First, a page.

This is the place to start!
Italian people love to party, and have done for centuries. The ancient Romans knew a good excuse for a party when they saw one.
And what better reason for a party than an engagement?
The father of the bride played a critical part in the ancient engagement process. The system in ancient Roman culture was very similar to modern day arranged marriages.
Many girls were betrothed at a very young age. Twelve was legal, though not common. It was more likely that a future husband would be identified when the girl was aged fourteen or fifteen.
Although he would generally speaking consult his wife, it was always the father, or 'paterfamilias', who would make the ultimate choice. His decision would be based on financial and often political considerations.
Love just didn't enter into it.
Once the decision had been made, it was again the father who would do all the negotiating with the husband-to-be's family. A dowry would be agreed, and a date set for the wedding.
And then - it was party time!
For the happy couple, an ancient Roman engagement was just as much a cause for celebration as it is today. But for the families, it was also a legal part of the process of betrothal.
So, before the party began, there was the official business to complete.
The dowry would finally be agreed between the two families at this party, a formal and legally binding contract signed, and the document officially sealed between the bride-to-be and her betrothed - with a kiss.
The giving and receiving of a ring was never part of the wedding ceremony in ancient Rome.
Instead, engagement ring tradition dictated that the betrothal ring, which would later also serve as the wedding ring, would be given as part of engagement party etiquette. And it was always the woman who received it as a symbol of now belonging to her husband-to-be.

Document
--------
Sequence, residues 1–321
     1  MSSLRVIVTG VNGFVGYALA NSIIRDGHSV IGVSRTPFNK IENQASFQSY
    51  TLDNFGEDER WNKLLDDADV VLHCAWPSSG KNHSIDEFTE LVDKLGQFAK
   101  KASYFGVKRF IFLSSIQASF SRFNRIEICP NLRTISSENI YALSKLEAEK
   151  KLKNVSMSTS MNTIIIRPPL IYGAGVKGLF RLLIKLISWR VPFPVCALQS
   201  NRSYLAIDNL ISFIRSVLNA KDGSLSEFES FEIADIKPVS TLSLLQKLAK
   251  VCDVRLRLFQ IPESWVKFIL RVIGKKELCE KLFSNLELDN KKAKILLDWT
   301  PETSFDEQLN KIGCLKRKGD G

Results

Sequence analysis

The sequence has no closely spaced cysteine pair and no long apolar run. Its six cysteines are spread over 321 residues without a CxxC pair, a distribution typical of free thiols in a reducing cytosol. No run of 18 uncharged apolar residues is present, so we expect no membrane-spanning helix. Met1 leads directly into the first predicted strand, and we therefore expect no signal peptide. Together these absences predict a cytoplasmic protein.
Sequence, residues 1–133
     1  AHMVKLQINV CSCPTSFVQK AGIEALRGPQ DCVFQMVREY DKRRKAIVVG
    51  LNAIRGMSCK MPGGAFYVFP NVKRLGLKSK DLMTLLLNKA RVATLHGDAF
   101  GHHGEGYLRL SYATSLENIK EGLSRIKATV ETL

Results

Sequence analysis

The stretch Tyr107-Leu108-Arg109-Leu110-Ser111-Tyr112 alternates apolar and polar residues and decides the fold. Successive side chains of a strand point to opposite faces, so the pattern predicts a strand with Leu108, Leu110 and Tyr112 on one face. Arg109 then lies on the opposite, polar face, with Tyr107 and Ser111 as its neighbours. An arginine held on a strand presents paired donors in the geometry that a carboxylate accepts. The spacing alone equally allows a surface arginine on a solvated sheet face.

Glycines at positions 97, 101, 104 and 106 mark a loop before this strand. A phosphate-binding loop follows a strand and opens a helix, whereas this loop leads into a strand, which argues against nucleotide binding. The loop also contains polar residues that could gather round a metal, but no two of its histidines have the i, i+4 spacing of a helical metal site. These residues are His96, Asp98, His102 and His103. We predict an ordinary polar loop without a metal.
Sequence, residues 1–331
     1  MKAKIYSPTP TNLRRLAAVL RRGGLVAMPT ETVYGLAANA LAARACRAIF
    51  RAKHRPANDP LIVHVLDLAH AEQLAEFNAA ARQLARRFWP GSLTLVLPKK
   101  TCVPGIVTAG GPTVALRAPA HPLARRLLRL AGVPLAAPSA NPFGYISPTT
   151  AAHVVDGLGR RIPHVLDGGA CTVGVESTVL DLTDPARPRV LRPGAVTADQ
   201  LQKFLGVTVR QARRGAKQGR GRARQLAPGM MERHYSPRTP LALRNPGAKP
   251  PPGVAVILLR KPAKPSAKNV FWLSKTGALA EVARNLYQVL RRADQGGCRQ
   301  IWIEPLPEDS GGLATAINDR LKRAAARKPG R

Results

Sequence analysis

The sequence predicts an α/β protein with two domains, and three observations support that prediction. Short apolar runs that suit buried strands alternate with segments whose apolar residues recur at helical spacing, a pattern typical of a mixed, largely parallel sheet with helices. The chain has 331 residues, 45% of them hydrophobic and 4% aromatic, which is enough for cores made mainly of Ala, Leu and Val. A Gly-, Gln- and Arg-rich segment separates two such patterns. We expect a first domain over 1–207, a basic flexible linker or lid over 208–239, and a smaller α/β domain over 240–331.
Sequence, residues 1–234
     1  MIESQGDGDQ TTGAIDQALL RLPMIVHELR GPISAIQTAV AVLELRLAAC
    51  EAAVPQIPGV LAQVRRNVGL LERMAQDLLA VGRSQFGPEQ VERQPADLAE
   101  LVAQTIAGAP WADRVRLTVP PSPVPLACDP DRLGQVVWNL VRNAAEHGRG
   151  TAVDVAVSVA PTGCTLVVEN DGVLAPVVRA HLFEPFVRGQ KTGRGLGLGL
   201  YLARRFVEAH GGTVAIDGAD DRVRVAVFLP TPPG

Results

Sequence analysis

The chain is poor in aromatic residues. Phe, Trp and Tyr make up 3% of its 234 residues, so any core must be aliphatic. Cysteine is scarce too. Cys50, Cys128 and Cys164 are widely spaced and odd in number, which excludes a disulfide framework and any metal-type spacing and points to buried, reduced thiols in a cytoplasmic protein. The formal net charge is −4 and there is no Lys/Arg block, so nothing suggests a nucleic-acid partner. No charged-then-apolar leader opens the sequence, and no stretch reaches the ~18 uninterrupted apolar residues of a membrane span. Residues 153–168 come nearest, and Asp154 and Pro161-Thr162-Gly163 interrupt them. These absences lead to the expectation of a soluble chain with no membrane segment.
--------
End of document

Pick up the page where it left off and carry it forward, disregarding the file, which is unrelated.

Once the ring had been given and the bride-to-be kissed, the contract was binding. Only death could release either side.
And in the engagement party etiquette of ancient Roman culture, who would foot the bill for the celebrations?
The father of the bride - naturally!
Were 'hen and 'stag' ('bachelor' and 'bachelorette') parties a part of ancient Roman wedding traditions?
There's evidence that Spartan soldiers used to have something very similar to the wild bachelor parties of today. It's documented that on the night before the wedding, the husband-to-be would gather together a group of his friends. Together they would eat, drink and gamble the night away.
It was seen as his last chance to say goodbye to the carefree days of his bachelorhood, whilst at the same time swearing everlasting allegiance to his friends and comrades.
Not so very different from stag (UK) or bachelor (US) parties today.
No. 'Hen' or bachelorette parties are a relatively recent innovation, probably starting in America around the 1970s.
Ancient Roman women just didn't have the kind of freedom that women today have. Although their husband-to-be could go to as many wild bachelor parties as he liked - and was encouraged to do so - the bride-to-be and her friends had no such leeway.
The most she was able to do was to be pampered with a fragranced bath on the morning of her wedding.
What should you be thinking about if you want to use some of the traditions of ancient Roman culture in your own party?
Here are our suggestions :
Although arranged marriages were a feature of Italian culture traditions they are no longer common practice, with the very occasional exception of the south of the country where the tradition still exists amongst some old families.
However, it's still generally expected in Italy that a prospective son-in-law formally sees the father of the bride-to-be to ask for permission to marry. If you're marrying into an Italian family, make sure you take note of that expectation. Ignore it at your peril!
Go with Italian engagement ring tradition and use your engagement party to make a public statement of your intentions by giving and receiving your ring(s). Make sure you seal the promise with a kiss!
If you're going to stick strictly with Italian culture traditions, the father of the bride would pay for the party. These days, however, the bride- and groom-to-be usually foot the bill themselves.
Women in Italy tend not to go in for the kind of bachelorette parties seen in the UK or America, but take the opportunity to have a quiet dinner with girlfriends.
However, if you want a bachelorette party with an Italian theme, think about a spa package. Ancient Roman baths were an important part of Italian culture and, although the Roman bride-to-be's pampering took place at her father's home, these days spas are a very popular way for Italian women to relax and be pampered with friends before the wedding day.
Wild bachelor parties remain a part of Italian engagement tradition, from a night out with friends to a weekend away. Think about an Italian-themed party - Rome's gladiator school is a brilliant venue.